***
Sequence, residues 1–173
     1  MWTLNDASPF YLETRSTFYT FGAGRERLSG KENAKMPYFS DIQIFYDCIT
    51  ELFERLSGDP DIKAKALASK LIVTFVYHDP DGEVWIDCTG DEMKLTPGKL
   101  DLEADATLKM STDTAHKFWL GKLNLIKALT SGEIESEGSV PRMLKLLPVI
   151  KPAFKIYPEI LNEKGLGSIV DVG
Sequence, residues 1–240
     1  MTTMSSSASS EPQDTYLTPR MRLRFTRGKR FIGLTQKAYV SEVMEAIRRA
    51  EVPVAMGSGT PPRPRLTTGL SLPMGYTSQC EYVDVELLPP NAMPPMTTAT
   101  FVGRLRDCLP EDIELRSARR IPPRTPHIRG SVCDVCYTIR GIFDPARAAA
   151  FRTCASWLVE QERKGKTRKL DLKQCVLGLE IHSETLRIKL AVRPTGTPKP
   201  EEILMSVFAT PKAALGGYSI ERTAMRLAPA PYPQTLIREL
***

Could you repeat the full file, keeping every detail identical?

Sequence, residues 1–173
     1  MWTLNDASPF YLETRSTFYT FGAGRERLSG KENAKMPYFS DIQIFYDCIT
    51  ELFERLSGDP DIKAKALASK LIVTFVYHDP DGEVWIDCTG DEMKLTPGKL
   101  DLEADATLKM STDTAHKFWL GKLNLIKALT SGEIESEGSV PRMLKLLPVI
   151  KPAFKIYPEI LNEKGLGSIV DVG
Sequence, residues 1–240
     1  MTTMSSSASS EPQDTYLTPR MRLRFTRGKR FIGLTQKAYV SEVMEAIRRA
    51  EVPVAMGSGT PPRPRLTTGL SLPMGYTSQC EYVDVELLPP NAMPPMTTAT
   101  FVGRLRDCLP EDIELRSARR IPPRTPHIRG SVCDVCYTIR GIFDPARAAA
   151  FRTCASWLVE QERKGKTRKL DLKQCVLGLE IHSETLRIKL AVRPTGTPKP
   201  EEILMSVFAT PKAALGGYSI ERTAMRLAPA PYPQTLIREL